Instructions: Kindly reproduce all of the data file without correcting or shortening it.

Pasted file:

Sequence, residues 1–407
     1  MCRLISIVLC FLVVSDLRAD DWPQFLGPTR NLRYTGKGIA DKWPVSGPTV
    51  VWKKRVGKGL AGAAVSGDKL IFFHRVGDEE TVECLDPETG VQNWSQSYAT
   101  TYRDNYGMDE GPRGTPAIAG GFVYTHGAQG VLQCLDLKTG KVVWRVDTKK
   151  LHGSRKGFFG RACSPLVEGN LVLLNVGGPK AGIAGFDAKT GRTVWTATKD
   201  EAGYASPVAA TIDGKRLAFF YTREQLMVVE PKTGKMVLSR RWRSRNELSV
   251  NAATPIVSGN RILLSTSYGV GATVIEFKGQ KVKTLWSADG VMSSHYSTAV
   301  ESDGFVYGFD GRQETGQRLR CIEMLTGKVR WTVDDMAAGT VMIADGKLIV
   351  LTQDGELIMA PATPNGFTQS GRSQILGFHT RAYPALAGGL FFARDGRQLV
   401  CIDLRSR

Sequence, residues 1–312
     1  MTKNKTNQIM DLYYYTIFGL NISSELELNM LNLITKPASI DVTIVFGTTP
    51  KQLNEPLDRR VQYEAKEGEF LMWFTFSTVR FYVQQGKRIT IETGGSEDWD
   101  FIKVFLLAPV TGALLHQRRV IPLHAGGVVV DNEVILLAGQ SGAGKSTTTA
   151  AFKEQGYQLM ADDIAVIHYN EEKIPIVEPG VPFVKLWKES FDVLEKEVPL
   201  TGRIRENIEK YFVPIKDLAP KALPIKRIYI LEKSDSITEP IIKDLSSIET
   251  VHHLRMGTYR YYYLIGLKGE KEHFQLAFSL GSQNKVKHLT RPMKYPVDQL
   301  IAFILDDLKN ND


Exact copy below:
Sequence, residues 1–407
     1  MCRLISIVLC FLVVSDLRAD DWPQFLGPTR NLRYTGKGIA DKWPVSGPTV
    51  VWKKRVGKGL AGAAVSGDKL IFFHRVGDEE TVECLDPETG VQNWSQSYAT
   101  TYRDNYGMDE GPRGTPAIAG GFVYTHGAQG VLQCLDLKTG KVVWRVDTKK
   151  LHGSRKGFFG RACSPLVEGN LVLLNVGGPK AGIAGFDAKT GRTVWTATKD
   201  EAGYASPVAA TIDGKRLAFF YTREQLMVVE PKTGKMVLSR RWRSRNELSV
   251  NAATPIVSGN RILLSTSYGV GATVIEFKGQ KVKTLWSADG VMSSHYSTAV
   301  ESDGFVYGFD GRQETGQRLR CIEMLTGKVR WTVDDMAAGT VMIADGKLIV
   351  LTQDGELIMA PATPNGFTQS GRSQILGFHT RAYPALAGGL FFARDGRQLV
   401  CIDLRSR

Sequence, residues 1–312
     1  MTKNKTNQIM DLYYYTIFGL NISSELELNM LNLITKPASI DVTIVFGTTP
    51  KQLNEPLDRR VQYEAKEGEF LMWFTFSTVR FYVQQGKRIT IETGGSEDWD
   101  FIKVFLLAPV TGALLHQRRV IPLHAGGVVV DNEVILLAGQ SGAGKSTTTA
   151  AFKEQGYQLM ADDIAVIHYN EEKIPIVEPG VPFVKLWKES FDVLEKEVPL
   201  TGRIRENIEK YFVPIKDLAP KALPIKRIYI LEKSDSITEP IIKDLSSIET
   251  VHHLRMGTYR YYYLIGLKGE KEHFQLAFSL GSQNKVKHLT RPMKYPVDQL
   301  IAFILDDLKN ND